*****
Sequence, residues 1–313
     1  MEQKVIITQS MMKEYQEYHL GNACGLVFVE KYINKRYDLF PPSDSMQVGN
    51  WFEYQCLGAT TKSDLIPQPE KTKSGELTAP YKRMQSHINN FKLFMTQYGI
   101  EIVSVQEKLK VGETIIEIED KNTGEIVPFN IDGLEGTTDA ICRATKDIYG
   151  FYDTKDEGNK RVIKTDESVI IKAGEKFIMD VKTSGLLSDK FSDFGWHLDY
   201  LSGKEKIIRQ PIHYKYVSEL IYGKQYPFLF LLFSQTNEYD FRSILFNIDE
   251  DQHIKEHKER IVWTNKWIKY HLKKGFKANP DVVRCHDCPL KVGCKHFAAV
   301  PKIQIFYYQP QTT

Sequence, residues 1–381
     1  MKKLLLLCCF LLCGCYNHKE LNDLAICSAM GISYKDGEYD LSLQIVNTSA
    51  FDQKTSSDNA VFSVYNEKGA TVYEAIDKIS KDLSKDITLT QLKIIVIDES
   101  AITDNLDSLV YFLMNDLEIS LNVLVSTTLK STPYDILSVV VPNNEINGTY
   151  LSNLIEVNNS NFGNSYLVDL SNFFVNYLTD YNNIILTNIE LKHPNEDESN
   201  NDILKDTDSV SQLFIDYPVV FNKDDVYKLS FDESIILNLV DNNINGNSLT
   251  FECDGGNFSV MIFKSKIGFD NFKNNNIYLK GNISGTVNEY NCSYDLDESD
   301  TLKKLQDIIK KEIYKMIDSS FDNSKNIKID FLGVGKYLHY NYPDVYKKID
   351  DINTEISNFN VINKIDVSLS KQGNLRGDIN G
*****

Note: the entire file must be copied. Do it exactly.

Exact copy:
Sequence, residues 1–313
     1  MEQKVIITQS MMKEYQEYHL GNACGLVFVE KYINKRYDLF PPSDSMQVGN
    51  WFEYQCLGAT TKSDLIPQPE KTKSGELTAP YKRMQSHINN FKLFMTQYGI
   101  EIVSVQEKLK VGETIIEIED KNTGEIVPFN IDGLEGTTDA ICRATKDIYG
   151  FYDTKDEGNK RVIKTDESVI IKAGEKFIMD VKTSGLLSDK FSDFGWHLDY
   201  LSGKEKIIRQ PIHYKYVSEL IYGKQYPFLF LLFSQTNEYD FRSILFNIDE
   251  DQHIKEHKER IVWTNKWIKY HLKKGFKANP DVVRCHDCPL KVGCKHFAAV
   301  PKIQIFYYQP QTT

Sequence, residues 1–381
     1  MKKLLLLCCF LLCGCYNHKE LNDLAICSAM GISYKDGEYD LSLQIVNTSA
    51  FDQKTSSDNA VFSVYNEKGA TVYEAIDKIS KDLSKDITLT QLKIIVIDES
   101  AITDNLDSLV YFLMNDLEIS LNVLVSTTLK STPYDILSVV VPNNEINGTY
   151  LSNLIEVNNS NFGNSYLVDL SNFFVNYLTD YNNIILTNIE LKHPNEDESN
   201  NDILKDTDSV SQLFIDYPVV FNKDDVYKLS FDESIILNLV DNNINGNSLT
   251  FECDGGNFSV MIFKSKIGFD NFKNNNIYLK GNISGTVNEY NCSYDLDESD
   301  TLKKLQDIIK KEIYKMIDSS FDNSKNIKID FLGVGKYLHY NYPDVYKKID
   351  DINTEISNFN VINKIDVSLS KQGNLRGDIN G